• "As the personal conductor of the bridegroom."
  • "Mr. Minot—really—"
  • "I have no wish to be rude, Lord Harrowby. But it is our turn to be a littl_antastic now. Could anything be more fantastic than boarding a yach_ninvited?"
  • "But Miss Meyrick—on whom, after all, Mr. Jephson's fate depends—is already i_lorida."
  • "With her lamp trimmed and burning. How sad, your lordship, if some untowar_vent should interfere with the coming of the bridegroom."
  • "I perceive," smiled Lord Harrowby, "that you do not share Mr. Jephson'_onfidence in my motives."
  • "This is New York, and a business proposition. Every man in New York i_onsidered guilty until he proves himself innocent—and then we move for a ne_rial."
  • "Nevertheless"—Lord Harrowby's mouth hardened—"I must refuse to ask you t_oin me on the  _Lileth."_
  • "Would you mind telling me where the boat is anchored?"
  • "Somewhere in the North River, I believe. I don't know, really."
  • "You don't know? Won't it be a bit difficult— boarding a yacht when you don'_now where to find it?"
  • "My dear chap—" began Harrowby angrily.
  • "No matter." Mr. Minot stood up. "I'll say au revoir, Lord Harrowby—until to- night."
  • "Or until we meet in San Marco." Lord Harrowby regained his good nature. "I'_xtremely sorry to be so impolite. But I believe we're going to be very goo_riends, none the less."
  • "We're going to be very close to each other, at any rate," Minot smiled. "Onc_ore—au revoir, your lordship."
  • "Pardon me—good-by," answered Lord Harrowby with decision.
  • And Richard Minot was again threading his way between awed tables.
  • Walking slowly down Fifth Avenue, Mr. Minot was forced to admit that he ha_ot made a very auspicious beginning in his new role. Why had Lord Harrowb_efused so determinedly to invite him aboard the yacht that was to bear th_ager bridegroom south? And what was he to do now? Might he not discover wher_he yacht lay, board it at dusk, and conceal himself in a vacant cabin unti_he party was well under way? It sounded fairly simple.
  • But it proved otherwise. He was balked from the outset. For two hours, in th_ibrary of his club, in telephone booths and elsewhere, he sought for som_angible evidence of the existence of a wealthy American named Martin Wall an_ yacht called the  _Lileth._  City directories and yacht club year book_like were silent. Myth, myth, myth, ran through Dick Minot's mind.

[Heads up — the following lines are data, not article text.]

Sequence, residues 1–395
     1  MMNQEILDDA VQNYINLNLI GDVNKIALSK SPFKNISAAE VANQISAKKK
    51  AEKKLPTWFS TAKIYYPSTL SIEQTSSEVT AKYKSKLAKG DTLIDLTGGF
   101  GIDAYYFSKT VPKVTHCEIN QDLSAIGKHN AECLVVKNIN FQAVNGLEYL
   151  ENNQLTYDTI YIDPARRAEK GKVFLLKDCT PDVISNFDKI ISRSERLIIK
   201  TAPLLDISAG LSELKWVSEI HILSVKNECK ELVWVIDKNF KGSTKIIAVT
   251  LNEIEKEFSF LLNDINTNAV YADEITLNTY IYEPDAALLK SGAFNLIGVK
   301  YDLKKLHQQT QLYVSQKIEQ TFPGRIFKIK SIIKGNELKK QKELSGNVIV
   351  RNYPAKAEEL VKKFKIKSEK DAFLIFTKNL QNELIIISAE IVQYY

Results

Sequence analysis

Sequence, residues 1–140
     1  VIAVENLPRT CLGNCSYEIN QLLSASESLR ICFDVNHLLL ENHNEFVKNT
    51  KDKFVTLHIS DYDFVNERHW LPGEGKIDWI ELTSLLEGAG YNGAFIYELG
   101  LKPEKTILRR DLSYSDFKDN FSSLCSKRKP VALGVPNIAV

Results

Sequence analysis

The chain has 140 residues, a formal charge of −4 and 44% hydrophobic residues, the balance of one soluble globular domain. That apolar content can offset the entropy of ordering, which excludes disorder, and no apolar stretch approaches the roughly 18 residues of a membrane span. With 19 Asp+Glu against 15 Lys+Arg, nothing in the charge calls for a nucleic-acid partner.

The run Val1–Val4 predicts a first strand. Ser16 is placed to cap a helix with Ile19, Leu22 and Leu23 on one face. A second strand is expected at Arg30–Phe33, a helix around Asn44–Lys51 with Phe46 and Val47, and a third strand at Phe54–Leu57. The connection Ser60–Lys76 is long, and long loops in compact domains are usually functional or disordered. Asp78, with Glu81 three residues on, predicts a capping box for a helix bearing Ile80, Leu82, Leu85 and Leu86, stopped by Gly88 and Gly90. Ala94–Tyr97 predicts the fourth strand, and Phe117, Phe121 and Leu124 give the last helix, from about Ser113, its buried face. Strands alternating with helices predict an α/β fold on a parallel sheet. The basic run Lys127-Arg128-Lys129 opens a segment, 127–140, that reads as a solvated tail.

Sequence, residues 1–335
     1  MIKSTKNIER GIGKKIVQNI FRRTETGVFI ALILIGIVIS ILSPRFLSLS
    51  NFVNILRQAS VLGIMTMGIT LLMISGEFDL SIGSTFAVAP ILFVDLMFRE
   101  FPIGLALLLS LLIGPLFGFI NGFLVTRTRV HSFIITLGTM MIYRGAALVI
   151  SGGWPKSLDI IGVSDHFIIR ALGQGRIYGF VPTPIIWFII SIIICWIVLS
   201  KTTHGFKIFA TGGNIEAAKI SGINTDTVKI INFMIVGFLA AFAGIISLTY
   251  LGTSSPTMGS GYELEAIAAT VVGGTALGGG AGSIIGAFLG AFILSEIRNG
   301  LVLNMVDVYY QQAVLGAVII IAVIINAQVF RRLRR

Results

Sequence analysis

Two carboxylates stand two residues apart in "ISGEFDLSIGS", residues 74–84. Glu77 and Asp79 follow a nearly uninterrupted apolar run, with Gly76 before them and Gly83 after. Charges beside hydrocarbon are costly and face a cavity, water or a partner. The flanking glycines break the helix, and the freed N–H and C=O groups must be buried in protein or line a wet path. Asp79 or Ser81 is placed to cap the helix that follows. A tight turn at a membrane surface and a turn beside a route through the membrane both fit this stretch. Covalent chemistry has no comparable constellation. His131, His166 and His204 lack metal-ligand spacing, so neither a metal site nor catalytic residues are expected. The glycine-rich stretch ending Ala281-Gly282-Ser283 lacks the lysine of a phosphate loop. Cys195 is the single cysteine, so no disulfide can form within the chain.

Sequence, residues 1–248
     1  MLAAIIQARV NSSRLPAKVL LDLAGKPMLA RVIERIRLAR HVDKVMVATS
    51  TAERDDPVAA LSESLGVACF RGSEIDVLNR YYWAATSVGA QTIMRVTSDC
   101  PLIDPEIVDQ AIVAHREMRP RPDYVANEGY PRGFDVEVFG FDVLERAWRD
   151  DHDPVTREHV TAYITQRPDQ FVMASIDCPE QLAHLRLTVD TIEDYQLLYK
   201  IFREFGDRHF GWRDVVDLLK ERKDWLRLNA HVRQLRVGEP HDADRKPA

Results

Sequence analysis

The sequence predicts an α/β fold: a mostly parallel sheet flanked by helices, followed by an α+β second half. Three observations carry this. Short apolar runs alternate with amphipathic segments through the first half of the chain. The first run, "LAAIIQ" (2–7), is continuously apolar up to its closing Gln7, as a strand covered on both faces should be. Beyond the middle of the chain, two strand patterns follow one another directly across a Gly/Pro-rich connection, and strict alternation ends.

• Was Lord Harrowby—as they say at the Gaiety—spoofing him? He mounted to th_op of a bus, and was churned up Riverside Drive. Along the banks of the rive_ay dozens of yachts, dismantled, swathed in winter coverings. Among the fe_hat appeared ready to sail his keen eye discerned no  _Lileth._
  • Somewhat discouraged, he returned to his club and startled a waiter b_emanding dinner at four-thirty in the afternoon. Going then to his rooms, h_xchanged his overcoat for a sweater, his hat for a golf cap. At five-thirty, a spy for the first time in his eventful young life, he stood opposite th_ain entrance of the Plaza. Near by ticked a taxi, engaged for the evening.
  • An hour passed. Lights, laughter, limousines, the cold moon adding it_rilliance to that already brilliant square, the winter wind sighing throug_he bare trees of the park—New York seemed a city of dreams. Suddenly th_hauffeur of Minot's taxi stood uneasily before him.
  • "Say, you ain't going to shoot anybody, are you?" he asked.
  • "Oh, no—you needn't be afraid of that."
  • "I ain't afraid. I just thought I'd take off my license number if you was."
  • Ah, yes — New York! City of beautiful dreams!
  • Another hour slipped by. And only the little taxi meter was busy, winkin_echanically at the unresponsive moon.
  • At eight-fifteen a tall blond man, in a very expensive fur coat whic_mpressed even the cab starter, came down the steps of the hotel. He ordered _imousine and was whirled away to the west. At eight-fifteen and a half Mr.
  • Minot followed.
  • Lord Harrowby's car proceeded to the drive and, turning, sped north betwee_he moonlit river and the manlit apartment-houses. In the neighborhood of On_undred and Tenth Street it came to a stop, and as Minot's car passed slowl_y, he saw his lordship standing in the moonlight paying his chauffeur.
  • Hastily dismissing his own car, he ran back in time to see Lord Harrowb_isappear down one of the stone stairways into the gloom of the park tha_kirts the Hudson. He followed.
  • On and on down the steps and bare wind-swept paths he hurried, until finall_he river, cold, silvery, serene, lay before him. Some thirty yards from shor_e beheld the lights of a yacht flashing against the gloomy background o_ersey. The  _Lileth!_
  • He watched Lord Harrowby cross the railroad tracks to a small landing, an_eap from that into a boat in charge of a solitary rower. Then he heard th_oft swish of oars, and watched the boat draw away from shore. He stood ther_n the shadow until he had seen his lordship run up the accommodation ladde_o the  _Lileth's_  deck.